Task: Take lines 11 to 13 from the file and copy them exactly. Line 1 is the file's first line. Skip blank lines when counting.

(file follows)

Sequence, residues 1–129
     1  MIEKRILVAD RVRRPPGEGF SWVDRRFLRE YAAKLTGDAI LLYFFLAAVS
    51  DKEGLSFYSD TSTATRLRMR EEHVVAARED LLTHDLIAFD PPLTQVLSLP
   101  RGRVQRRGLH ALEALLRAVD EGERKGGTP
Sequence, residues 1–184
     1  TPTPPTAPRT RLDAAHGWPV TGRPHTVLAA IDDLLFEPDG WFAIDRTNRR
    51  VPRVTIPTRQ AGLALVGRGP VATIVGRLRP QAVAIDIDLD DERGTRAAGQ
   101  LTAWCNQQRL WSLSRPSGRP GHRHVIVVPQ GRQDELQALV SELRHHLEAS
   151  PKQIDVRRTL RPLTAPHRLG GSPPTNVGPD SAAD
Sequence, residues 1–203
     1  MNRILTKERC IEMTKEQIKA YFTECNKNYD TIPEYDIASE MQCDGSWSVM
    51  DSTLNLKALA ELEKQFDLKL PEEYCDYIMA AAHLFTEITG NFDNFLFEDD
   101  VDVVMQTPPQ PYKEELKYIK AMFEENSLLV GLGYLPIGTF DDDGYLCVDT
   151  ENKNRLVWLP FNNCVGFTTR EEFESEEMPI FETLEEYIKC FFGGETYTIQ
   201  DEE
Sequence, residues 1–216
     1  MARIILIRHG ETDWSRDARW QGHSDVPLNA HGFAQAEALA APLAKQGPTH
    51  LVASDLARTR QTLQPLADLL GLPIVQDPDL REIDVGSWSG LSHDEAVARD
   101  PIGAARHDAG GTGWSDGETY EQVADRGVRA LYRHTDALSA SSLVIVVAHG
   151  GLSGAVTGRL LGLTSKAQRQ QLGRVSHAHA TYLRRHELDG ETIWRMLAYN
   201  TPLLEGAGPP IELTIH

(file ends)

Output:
     1  MNRILTKERC IEMTKEQIKA YFTECNKNYD TIPEYDIASE MQCDGSWSVM
    51  DSTLNLKALA ELEKQFDLKL PEEYCDYIMA AAHLFTEITG NFDNFLFEDD
   101  VDVVMQTPPQ PYKEELKYIK AMFEENSLLV GLGYLPIGTF DDDGYLCVDT